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The student news site of California State University - Los Angeles

University Times

The student news site of California State University - Los Angeles

University Times

Black History Month: A month of empowerment and honor

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Anne To
February is Black History Month.

As Black History Month unfolds, students and professors reflect on the contributions and legacies of African Americans who created a foundation for education and solidarity in the fight for social justice and equality. 

For many who observe Black History Month, it serves as a reminder to celebrate those who came before and paved the path for opportunities for future generations. 

“It’s so nice to have a month where I can reminisce and reflect on figures who made [opportunities available] like me being able to attend college possible,” said Ericka Hayes, a third-year student.

What started as the brainchild of historian and author Carter G. Woodson, Black History Month actually began as Negro History and Literature Week in 1924, according to the Association for the Study of African American Life and History (ASALH). With the help of his fraternity brothers, the nonprofit’s outreach grew larger, but Woodson wanted more. Post World War I, industrialization and urbanization brought over a million African Americans to urban cities from the South, expanding the Black middle class. By 1926, knowledge spread with more people consuming and participating in more Black literature and culture, increasing racial pride. The ASALH said Woodson chose February in honor of the birthdays of Abraham Lincoln and Frederick Douglass, two American figures who played a crucial role in Black history.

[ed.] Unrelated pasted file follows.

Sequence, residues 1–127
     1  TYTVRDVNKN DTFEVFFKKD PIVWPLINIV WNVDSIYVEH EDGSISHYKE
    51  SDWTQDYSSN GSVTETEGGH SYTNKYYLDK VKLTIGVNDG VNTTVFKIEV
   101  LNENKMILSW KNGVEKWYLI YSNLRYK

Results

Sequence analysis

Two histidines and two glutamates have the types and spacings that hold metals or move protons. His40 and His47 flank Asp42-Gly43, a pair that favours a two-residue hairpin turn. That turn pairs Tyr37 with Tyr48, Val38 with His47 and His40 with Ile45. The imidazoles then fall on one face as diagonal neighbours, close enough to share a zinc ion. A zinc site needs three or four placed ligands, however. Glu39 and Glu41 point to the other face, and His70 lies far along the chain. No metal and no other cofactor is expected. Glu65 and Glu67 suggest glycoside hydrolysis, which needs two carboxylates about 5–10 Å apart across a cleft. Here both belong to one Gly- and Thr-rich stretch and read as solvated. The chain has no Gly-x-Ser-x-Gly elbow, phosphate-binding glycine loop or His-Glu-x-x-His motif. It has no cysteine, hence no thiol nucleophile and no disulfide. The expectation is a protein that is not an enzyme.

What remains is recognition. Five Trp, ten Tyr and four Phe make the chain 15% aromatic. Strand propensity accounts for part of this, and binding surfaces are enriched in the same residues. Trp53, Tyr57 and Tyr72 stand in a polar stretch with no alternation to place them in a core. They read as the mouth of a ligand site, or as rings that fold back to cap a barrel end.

Woodson wanted to shift the focus of history studies from two great men to a great race, emphasizing that ordinary people shaped history. Woodson was committed to commemorating historical figures and wanted the African American community to recognize more of the many Black men and women who were a part of the advancement of civilization. He advocated for schools to use Black History Week to showcase what students had learned about Black history and culture throughout the year. Woodson argued that Black History Week should become Negro History Year because the history was too important to America to be crammed into one week or a month. 

The influences of Woodson can be seen through the teachings of professors and educators across the nation. Nana Lawson Bush, a professor and chair of Pan African Studies at Cal State LA, believes the celebration of Black History Month goes far beyond four weeks per year. Bush explained that African history is world history, and it is a way of life for him to understand the world as a conscious and critical African educator. He emphasized the importance of learning, sharing and teaching others about Black culture not just once a year. Bush argued that the lack of proper teaching and understanding of one’s history allows people to stereotype and engage with people incorrectly. Therefore, he feels institutions should work at restructuring curricula and socialized thinking systems to bring true history to light. 

“I would like our students to be able to walk on the stage of humanity in their full divinity, fully clothed in their culture, fully as they are,” Bush said. 

Teachers slowly began lecturing on Black history in secret in addition to their standard lessons in the 1940s, sparking the Negro history movement. Due to the growing awareness of African American connections among young Black college students by 1976, Black History Month took the place of Negro History Week. The Association for the Study of Negro Life and History (ASNLH) made the changes from a week to a month and from Negro history to Black history. The ASNLH was founded by Woodson in 1915 to promote the study of Black life and history. Every American president since the mid-1970s has endorsed the annual theme through proclamations. 

Celebrating Black History Month acknowledges past struggles but affirms the commitment to an equal and more inclusive future.

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About the Contributor
Anne To, Editor-In-Chief
Anne To is the Editor in Chief of the UT and also the co-Station manager of the Golden Eagle Radio. She loves working on audio production with radio, podcasting, and more! You may have seen some of her comics with the Life of Biffy series. During her free time she is either taking a nap, or playing video games.  
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